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Using AI and Edge Computing for Supply Chain Engineering

July 3, 2023
With AI and edge computing in the toolbelt, engineers are teasing out actionable insights and applying intelligent automation to increase supply chain agility.

Supply chain engineering is an essential process for any goods-based business today. Repeated significant disruptions over the past few years have revealed how most supply chains need optimization, but achieving that is far from easy. New technologies, namely artificial intelligence (AI) and edge computing, can help.

What Are AI and Edge Computing?

AI is a broad category covering software that can think and adapt similarly to the way the human brain operates. It takes data and looks for patterns and trends, using what it learns to interpret new information. Machine learning, deep learning and neural networks are all subsets of this technology that build on this basic premise.

Edge computing is a less familiar technology for many but is equally important for supply chain engineering. This practice involves distributing computing tasks across a network of devices. It’s similar to cloud computing, but instead of processing information in far-away data centers, it does so across nearby devices, reducing latency and improving performance.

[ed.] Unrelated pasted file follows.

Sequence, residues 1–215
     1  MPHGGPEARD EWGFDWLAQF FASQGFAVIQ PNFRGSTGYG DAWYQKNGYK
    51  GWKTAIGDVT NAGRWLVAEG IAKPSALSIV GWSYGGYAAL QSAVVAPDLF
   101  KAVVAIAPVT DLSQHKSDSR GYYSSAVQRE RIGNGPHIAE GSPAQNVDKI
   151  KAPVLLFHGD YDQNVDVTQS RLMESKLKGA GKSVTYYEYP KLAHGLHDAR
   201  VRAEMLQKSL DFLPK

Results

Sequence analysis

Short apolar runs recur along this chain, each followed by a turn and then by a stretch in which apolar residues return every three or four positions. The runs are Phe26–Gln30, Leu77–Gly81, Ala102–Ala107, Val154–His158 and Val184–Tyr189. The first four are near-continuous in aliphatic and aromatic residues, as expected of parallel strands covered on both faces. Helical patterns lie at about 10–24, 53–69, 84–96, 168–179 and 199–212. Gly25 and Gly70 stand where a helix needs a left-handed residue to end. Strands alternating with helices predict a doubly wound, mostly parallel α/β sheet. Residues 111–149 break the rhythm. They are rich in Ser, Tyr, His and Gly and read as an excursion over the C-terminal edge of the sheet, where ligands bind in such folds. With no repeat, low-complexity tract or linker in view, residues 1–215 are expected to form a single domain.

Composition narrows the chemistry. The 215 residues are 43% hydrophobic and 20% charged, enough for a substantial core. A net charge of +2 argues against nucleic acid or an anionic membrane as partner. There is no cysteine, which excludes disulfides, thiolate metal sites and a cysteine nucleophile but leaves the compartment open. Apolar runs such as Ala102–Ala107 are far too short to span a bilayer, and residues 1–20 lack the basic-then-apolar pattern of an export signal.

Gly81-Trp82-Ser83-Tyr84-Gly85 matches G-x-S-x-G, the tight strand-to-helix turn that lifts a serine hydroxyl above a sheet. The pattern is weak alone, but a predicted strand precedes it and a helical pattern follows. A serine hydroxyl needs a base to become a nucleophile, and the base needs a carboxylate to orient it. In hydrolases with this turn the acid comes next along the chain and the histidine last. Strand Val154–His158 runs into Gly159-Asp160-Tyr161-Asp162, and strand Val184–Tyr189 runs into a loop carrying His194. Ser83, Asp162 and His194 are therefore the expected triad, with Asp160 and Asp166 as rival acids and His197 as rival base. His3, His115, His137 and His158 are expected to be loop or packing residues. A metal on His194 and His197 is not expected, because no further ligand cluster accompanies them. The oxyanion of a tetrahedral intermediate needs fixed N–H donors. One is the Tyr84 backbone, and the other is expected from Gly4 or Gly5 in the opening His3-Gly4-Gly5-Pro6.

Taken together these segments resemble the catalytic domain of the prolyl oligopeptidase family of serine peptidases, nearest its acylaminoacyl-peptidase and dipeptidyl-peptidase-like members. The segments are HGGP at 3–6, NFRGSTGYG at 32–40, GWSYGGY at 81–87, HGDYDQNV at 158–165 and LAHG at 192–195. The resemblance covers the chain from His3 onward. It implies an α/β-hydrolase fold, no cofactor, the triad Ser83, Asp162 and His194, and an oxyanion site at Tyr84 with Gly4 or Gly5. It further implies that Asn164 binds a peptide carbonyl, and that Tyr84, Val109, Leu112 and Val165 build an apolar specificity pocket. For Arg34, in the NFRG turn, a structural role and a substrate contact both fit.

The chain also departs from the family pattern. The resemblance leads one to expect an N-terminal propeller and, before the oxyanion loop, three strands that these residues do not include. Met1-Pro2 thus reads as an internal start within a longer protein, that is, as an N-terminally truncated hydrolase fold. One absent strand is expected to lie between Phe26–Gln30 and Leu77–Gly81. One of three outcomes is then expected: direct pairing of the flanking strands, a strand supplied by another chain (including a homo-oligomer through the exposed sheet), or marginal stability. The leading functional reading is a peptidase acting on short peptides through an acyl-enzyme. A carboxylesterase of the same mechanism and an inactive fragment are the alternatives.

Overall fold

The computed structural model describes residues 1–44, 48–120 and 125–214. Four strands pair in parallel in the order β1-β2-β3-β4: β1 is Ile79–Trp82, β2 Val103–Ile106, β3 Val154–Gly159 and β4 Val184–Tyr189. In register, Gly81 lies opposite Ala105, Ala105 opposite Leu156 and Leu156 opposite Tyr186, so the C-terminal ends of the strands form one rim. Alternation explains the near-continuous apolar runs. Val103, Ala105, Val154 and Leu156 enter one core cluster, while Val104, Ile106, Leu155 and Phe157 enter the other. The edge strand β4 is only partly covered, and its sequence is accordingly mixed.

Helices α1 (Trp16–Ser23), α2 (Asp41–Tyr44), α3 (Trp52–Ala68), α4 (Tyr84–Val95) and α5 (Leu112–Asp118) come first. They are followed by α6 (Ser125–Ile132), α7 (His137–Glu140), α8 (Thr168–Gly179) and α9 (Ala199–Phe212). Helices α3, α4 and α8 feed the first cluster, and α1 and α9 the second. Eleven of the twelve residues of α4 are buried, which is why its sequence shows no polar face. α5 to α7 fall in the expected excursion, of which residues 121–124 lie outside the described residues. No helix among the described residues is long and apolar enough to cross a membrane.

Both technologies can benefit supply chain engineers, but they’re even more impactful together. The edge AI market could become a $107 billion industry before 2030 as networks make advanced processes more accessible and AI capitalizes on the data.

The Role of AI in Supply Chain Engineering

Supply chain engineers can apply AI across a wide range of processes. Predictive analytics, AI that makes predictions based on past trends, is one of the most helpful of these use cases. Organizations can use predictive models to accurately forecast demand shifts or anticipate disruptions, such as stock shortages, and adapt accordingly.

The same type of analytics can also improve equipment maintenance schedules. Predictive maintenance uses AI to alert workers when a machine needs service, preventing breakdowns and avoiding unnecessary repairs. As a result, it can increase productivity by 25% and lower maintenance costs by the same amount, according to estimates quoted by Deloitte.

READ MORE: AI Makes a Deep Impression on Industrial Manufacturing

AI can also analyze supply chain structures and workflows to find inefficiencies and suggest improvements. Engineers can use these models to create digital twins of their supply chains and simulate various changes to find the optimal path forward. AI optimization can also happen on a smaller scale, such as using machine learning to route deliveries more efficiently or to reorganize warehouse layouts for improved productivity.

AI can bridge gaps between partners in different countries as supply chains expand globally. Translation services can produce the same effect as a 35% reduction in the distance between nations by preventing miscommunication. Even basic AI software can help by automating routine data entry or administrative tasks to improve team productivity and cooperation.

The Role of Edge Computing in Supply Chain Engineering

Edge computing is similarly versatile. Many supply chains already embrace Internet of Things (IoT) systems, and edge computing unlocks these device networks’ full potential.